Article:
Stalin's Piano, a musical work by Australian composer Robert Davidson, will re-contextualise famous speeches and the historical figures who delivered them for the Adelaide Festival.
Stalin’s Piano: Scoring speeches ripe for song
Thanks to Julia Gillard’s infamous Misogyny Speech, Australian composer, Robert Davidson, came into public consciousness.
Robert took Gillard’s speech and re-imagined it into Not Now, Not Ever – a dramatic musical performance by The Australian Voices.
Not Now, Not Ever went viral, and he’s since toured his work across the country and the world.
Now, Robert’s newest work, Stalin’s Piano, is coming to Adelaide as part of the 2018 Adelaide Festival program. In it, Australian pianist, Sonya Lifschitz, plays along to famous speeches by political figures, creating an enthralling sonic environment that aims to recontextualise said speeches and get to the heart of their importance.
“Sonya, who is an old friend of mine, we worked on this piece together. She plays in my ensemble Tipolji,” says Robert.
“We went on tour together and we had all of these old bus rides. She had all of these stories about the Russian pianist, Maria Yudina – she opposed Stalin. This woman who basically risked her life to oppose Stalin at the height of dictatorship, but Stalin really loved her playing, so she escaped a little bit like the chehozart stories.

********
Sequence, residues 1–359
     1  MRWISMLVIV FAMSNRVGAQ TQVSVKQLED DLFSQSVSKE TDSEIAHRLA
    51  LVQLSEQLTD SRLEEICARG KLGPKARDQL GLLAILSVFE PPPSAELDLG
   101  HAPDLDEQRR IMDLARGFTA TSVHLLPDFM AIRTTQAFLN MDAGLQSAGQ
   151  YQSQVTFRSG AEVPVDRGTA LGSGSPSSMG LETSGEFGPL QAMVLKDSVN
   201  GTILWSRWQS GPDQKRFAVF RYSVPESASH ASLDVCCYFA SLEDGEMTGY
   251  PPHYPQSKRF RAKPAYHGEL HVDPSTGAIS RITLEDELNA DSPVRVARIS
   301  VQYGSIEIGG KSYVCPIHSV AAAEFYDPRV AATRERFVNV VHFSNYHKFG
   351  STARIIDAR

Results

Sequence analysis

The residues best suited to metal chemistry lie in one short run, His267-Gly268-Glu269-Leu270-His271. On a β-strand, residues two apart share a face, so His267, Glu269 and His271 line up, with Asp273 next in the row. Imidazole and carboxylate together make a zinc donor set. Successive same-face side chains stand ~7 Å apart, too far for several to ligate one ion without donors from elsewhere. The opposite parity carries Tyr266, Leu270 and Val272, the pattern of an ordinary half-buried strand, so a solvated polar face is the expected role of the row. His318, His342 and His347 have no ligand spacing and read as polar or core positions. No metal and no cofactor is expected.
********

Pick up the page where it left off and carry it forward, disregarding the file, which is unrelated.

“The piano became very important because of that story of that pianist in Russia. And we actually hear recordings of Maria Yudina playing along with Sonja playing live.
“The whole process was quite prerogative actually. Sonja and I had all of these long discussions. And then I would send her materials which she would comment on them and I would alter. It was very back and forth,” Robert says.
The duo are performing the piece off the back of their performance at MOFO in Tasmania, where Robert says that, in a place where he was surrounded by so much good art, the meaning and function of art became apparent.
“It hit me there that art is really good at allowing you to be in the moment. Or fostering a sense of mindfulness. It sounds a bit cliché, but it really struck me strongly because there are some works there in the MONA Gallery that bring that home to me,” he says.
Robert’s music does just that, but also brings forth an incredibly surreal feeling of connecting with a past that is not yours.
“I think sound recordings are a bit of time travel, and video as well; you can actually go back in that moment when someone was saying something in 1935. I find it magical. It’s always been my fantasy dream to have a time machine. You know that great movie growing up, Back To The Future, that sort of thing. Trying to create time travel,” says Robert.
“I find that when it really works, listening to speeches is a way of opening up a bubble of time and making it bigger and longer and more intense. That moment. And it’s a way to connect with that person, that’s what I value the most.”
And that’s precisely the reason Julia Gillard’s Misogyny speech and Robert’s Not Now, Not Ever piece garnered such attention: they hit home.
“I really thought that speech was very personal for Julia Gillard. Even though it was a written speech, she got off the page a few times. I thought it was really good to see the woman as opposed to just the political facade,” Robert says.
“I think my intention with the music was to try to get behind the words and into the emotion by emphasising the music in the speech. To me that represents the human behind the words. It’s a way to empathise.”
And so it is with Stalin’s Piano – a way to try and foster connection to historical figures, to get behind what they were saying and to see them as people.
But this time, we’re also seeing the villains.